[Q] DSA 1024-bit limit.
Sat May 17 07:53:02 2003
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On Wed, 14 May 2003 19:00:11 +0200
Werner Koch <firstname.lastname@example.org> wrote:
> On Tue, 13 May 2003 11:53:42 -1000, Denis McCauley said:
> > IMO, the real worry with the 1024-bit limit on regular DSA keys is that
> > they are the primary keys on which you collect the signatures that
> > construct your web of trust. If you have to revoke them because they are
> Please consider all facts relevant to the security of your key. The
> length of the key is not that important as long as it has a sound size
> (i.e. > 768 bits). Speculating about when it can be broken and not
> considering facts with a much higher chance of a key compromise is
Agreed, key size is only one factor to be taken into account, and not
the most urgent, but from my reading I see that I'm not alone in
considering the 1024-bit limit as a possible weak point in a
> If you can truly indentify the length of the key as a worrisome fact,
> you may want to give up the nice short DSA signature for large RSA
> signature blobs. If you evaluate that, take your attach scenario in
> account: A key used as a top level CA may need other properties as one
> used everyday on your machine with millions - of easy to subvert -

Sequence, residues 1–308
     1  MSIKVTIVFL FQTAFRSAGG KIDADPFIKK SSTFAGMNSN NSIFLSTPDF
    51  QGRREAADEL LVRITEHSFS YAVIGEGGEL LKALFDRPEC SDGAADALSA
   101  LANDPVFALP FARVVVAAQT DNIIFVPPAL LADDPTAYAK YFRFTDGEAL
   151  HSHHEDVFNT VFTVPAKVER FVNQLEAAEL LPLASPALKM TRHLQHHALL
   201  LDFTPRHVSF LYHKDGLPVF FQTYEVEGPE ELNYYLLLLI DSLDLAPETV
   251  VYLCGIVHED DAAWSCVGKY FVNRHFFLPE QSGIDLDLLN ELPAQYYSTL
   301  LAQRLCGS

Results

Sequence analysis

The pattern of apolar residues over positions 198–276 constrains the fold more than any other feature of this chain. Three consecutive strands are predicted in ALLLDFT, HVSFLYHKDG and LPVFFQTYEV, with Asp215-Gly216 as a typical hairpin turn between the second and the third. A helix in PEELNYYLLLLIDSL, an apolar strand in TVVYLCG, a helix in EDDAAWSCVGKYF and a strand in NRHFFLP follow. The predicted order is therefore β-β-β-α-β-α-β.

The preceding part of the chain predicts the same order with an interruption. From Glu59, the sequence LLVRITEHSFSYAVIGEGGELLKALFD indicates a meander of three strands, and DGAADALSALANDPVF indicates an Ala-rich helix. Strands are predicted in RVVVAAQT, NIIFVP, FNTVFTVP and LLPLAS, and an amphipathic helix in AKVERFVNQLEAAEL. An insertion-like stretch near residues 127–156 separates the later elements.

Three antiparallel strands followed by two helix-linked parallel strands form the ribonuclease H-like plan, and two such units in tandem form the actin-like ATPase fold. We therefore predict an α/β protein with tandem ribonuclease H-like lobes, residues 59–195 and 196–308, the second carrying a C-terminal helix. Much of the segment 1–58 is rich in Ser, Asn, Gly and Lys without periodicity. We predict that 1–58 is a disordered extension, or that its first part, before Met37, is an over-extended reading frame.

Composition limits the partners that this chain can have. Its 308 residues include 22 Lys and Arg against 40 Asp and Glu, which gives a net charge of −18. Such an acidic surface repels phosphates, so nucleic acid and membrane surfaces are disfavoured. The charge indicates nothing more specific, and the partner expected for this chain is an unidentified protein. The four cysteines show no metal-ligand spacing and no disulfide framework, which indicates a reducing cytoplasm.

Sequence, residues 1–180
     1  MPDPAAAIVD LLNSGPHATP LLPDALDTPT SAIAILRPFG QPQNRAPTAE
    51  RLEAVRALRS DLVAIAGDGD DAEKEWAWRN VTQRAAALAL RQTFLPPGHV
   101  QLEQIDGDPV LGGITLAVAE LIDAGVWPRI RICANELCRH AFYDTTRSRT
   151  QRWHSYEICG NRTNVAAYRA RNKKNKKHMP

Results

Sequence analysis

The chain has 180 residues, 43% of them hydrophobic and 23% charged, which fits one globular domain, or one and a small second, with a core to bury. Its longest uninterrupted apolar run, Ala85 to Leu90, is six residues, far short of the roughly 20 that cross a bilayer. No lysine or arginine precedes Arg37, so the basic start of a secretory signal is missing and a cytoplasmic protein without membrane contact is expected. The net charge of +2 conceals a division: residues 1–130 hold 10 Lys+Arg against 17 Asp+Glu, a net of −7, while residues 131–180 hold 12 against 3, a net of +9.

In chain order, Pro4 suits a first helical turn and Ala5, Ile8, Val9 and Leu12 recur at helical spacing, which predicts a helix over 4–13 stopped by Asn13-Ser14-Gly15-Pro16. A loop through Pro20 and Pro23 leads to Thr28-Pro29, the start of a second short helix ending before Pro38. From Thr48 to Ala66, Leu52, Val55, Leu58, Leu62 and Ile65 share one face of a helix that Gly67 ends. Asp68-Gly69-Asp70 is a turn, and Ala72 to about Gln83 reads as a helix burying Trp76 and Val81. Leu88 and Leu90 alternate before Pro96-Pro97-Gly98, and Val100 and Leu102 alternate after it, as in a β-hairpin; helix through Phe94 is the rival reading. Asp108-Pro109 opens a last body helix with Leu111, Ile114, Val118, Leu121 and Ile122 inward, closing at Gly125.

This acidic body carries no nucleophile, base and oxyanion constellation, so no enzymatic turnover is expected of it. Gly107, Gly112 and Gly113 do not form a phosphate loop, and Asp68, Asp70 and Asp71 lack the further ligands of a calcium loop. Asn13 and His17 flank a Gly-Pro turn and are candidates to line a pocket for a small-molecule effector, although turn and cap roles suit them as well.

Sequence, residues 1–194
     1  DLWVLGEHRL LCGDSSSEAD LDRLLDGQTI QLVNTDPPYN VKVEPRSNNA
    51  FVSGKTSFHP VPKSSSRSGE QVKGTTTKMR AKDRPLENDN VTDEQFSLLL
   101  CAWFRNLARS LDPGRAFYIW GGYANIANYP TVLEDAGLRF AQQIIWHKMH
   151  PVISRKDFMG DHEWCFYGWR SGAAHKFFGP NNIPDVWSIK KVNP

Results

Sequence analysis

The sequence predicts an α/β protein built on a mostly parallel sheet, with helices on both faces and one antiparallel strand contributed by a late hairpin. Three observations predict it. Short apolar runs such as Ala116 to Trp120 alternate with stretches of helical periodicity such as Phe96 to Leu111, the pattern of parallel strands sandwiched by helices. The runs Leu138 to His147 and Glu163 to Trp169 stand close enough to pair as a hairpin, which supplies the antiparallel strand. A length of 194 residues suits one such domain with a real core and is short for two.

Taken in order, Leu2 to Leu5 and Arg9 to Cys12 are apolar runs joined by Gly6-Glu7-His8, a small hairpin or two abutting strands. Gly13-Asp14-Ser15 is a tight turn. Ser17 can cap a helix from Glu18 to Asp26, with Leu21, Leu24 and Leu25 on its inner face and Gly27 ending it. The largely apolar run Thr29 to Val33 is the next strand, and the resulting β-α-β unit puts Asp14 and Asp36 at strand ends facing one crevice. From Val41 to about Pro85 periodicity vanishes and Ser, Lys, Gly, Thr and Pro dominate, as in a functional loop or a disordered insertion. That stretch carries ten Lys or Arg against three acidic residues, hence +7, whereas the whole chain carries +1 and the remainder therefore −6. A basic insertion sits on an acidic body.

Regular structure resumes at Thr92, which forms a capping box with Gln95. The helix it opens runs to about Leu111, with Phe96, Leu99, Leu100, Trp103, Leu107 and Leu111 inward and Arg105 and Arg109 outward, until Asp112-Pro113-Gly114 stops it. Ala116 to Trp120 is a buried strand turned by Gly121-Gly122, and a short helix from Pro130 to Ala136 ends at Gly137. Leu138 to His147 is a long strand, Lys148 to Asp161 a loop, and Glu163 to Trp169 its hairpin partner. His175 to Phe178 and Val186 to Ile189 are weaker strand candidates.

> code lines.
My comment which you cite in introduction was made in the context of a
key with multiple subkeys (RSA 4096 with DSA/ElGamal subkeys). This
solution seems to me to have many advantages, apart from that of using a
stronger primary key for collecting signatures and signing keys.
My secret keyring is encrypted with a 256-bit algo and hash, which needs
a password of 40 random characters to be fully effective. If I split the
top-level CA and everyday functions on to two different keys, I would
need two such passwords -- one I can handle, but two??
Following the procedure for stripping secret keys outlined by Adrian
von Bidder (http://fortytwo.ch/gpg/subkey), I can have only one secret
key stored on my machine: that of the signing subkey I use daily, which
has a different password (20 random characters) than that of the
The secret key for the primary key and the encryption subkey can be kept
in safe deposit, and when they are used, it's with a Linux system that
boots off a CD and runs in RAM, and not necessarily on my own machine.
As far as I can see this leaves only the problems of physical access to
my machine and radiation snooping as areas of concern. But maybe I've
still overlooked something so any comments are welcome.
- - --
GPG/PGP keys at http://www.djmccauley.tk
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